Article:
Pallant House in Chichester is a perfectly proportioned Queen Anne House near the Cathedral. It was opened to the public in 1982 with a fine collection of 20th century British art collected by Walter Hussey. (Hussey had been Dean of Chichester Cathedral, a great supporter for the arts and during his career he had been responsible for commissioning both Marc Chagall and Benjamin Britten.) Subsequent collections have only served to expand the museum’s depth in 20th century British art. The gallery was expanded with a modern wing in 2006 which provides for a stylish brick entrance wing next to the Queen Anne house, as well as gallery wings around the rear courtyard, Wilson’s plain white and glass forming an elegant contrast to the classical formality of the rear facade.
In addition to its own collection, the museum has a lively programme of exhibitions and one of the joys of the building are the way sequence of works shown flows nicely, with rooms of works from the Pallant House collection complementing the exhibitions.
In the print room there was a display of work by Eric Ravilious, one of the most significant British artists working in the 1920s and 1930s. Starting with Ravilious’s amazingly detailed woodcuts from the 1920s the display took in his developments in wood engraving, designs for pottery, his first lithograph, of Newhaven Harbour, and a series of elegantly evocative lithographs of high street shops, for the book High Street. His final works were his submarine lithographs, produced just before his death in 1942 whilst working on Air Sea Rescue in Iceland. Part of his work as a war artist, these were elegant yet poignant works.
The gallery has recently acquired on long term loan the Mill House Collection, created by EQ Nicholson in the 1940’s. Elsie Queen Nicholson (1908 – 1992) was the wife of Kit Nicholson (brother of the artist Ben Nicholson, son of the artist William Nicholson), she was a textile designer known for her linocut print fabrics. The Mill House Collection encompasses a variety of pictures by the Nicholsons and their friends. In the Queen Anne dining room were displayed family portraits, Winifred Nicholson’s evocative portraits with their free use of paint contrasting strikingly with the more formal style of her father-in-law, William Nicholson. Winifred was the wife of Ben Nicholson and also included in the display was a rare Ben Nicholson portrait of Winifred and their son Jake.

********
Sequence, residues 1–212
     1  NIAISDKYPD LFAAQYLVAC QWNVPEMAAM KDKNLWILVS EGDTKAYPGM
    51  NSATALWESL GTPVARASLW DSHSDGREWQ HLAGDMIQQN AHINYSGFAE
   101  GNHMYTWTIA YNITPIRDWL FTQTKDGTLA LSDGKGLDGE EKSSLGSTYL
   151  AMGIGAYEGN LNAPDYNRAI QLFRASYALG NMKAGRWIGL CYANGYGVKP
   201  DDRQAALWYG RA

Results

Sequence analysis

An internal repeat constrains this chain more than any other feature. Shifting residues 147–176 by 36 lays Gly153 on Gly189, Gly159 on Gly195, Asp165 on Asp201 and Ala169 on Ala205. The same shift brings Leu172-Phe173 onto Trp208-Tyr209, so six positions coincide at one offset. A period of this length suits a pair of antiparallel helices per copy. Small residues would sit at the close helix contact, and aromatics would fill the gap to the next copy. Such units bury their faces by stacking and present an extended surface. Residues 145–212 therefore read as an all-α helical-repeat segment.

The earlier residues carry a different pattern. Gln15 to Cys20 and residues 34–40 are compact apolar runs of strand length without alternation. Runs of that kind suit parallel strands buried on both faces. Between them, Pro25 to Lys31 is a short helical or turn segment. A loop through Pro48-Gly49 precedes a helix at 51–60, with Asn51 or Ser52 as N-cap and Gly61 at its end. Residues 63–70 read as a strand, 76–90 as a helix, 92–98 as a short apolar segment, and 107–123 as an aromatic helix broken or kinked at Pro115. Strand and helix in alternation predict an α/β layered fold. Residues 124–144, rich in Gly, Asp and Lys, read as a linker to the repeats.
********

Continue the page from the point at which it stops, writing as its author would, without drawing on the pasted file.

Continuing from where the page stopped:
In the main room of the Queen Anne house were displayed testaments to EQ’s friendships, with paintings and drawings by John Caxton (1922-2009) and Lucian Freud (1922-2011) including a Freud drawing of John Caxton and an ink drawing by Freud of the Nicholson family donkey, plus Ben Nicholson’s hand painted Christmas cards.
Also on display were the gallery’s own holdings of works by Ben and Winifred Nicholson and the rooms were furnished with period furniture, creating a more intimate ambience than many galleries. Upstairs, in what were the bedrooms, were displays of British surrealists such as Eileen Agar and John Tunnard, including Edward Burra‘s surprisingly modern looking The Straw Man (1963), plus a Hepplewhite bed complete with a bedspread owned by Edward James, the great surrealist patron. In an adjacent room we had landscapes by Roger Fry, David Bomberg and John Nash, plus an amazing miniature gallery created in 1934 with original miniatures by artists such as Paul Nash, Duncan Grant, and Vanessa Bell. This miniature gallery was complemented by a modern one completed in 2000 acquired as part of a gift of works from the architect Colin St John Wilson.
To celebrate the gallery’s acquisition of Sean Scully’s Pink Dark Triptych (2011), the modern wing had an exhibition of triptychs by Scully (born 1945). With three galleries covering Scully’s ‘Early Work’, ‘Painting, Prints and Drawings 1990-2005’ and ‘Painting since 2005’ we saw the artists development and the importance of the triptych in his output with Scully’s abstract art fusing abstract expressionism and minimalism.
Next door to the Scully exhibition was the main modern gallery, a lovely top-lit space on the first floor overlooking the elegant rear courtyard of the museum. In this gallery were displayed more recent works by artists such as Frank Auerbach, Michael Andrews, Graham Sutherland and Eduardo Paolizzi. Paolozzi’s work included the maquette for his statue of Newton, for the British Library which linked to an adjacent display from the Cass Sculpture Foundation of artists maquettes. The Cass Sculpture Foundation runs the nearby Goodwood Sculpture Park and many of the maquettes were for large-scale sculptures at the park, though rather frustratingly there were no pictures of the finished articles.
The gallery has an excellent cafe with seats on the courtyard (weather permitting) and a well-stocked shop, full of fine monographs and artists books.
Whilst in Chichester it is worth visiting The Novium, a striking new building by Keith Williams Architects which is built over the remains of the city’s Roman bathhouse. You can see the bath-house remains, and watch a film of striking scantily clad young men in a re-creation of Roman bathing habits. There are in fact three floors of exhibition space housing the collections of Chichester District Museum with a collection spanning thousands of years of history, with an emphasis on social history, archaeology and geology.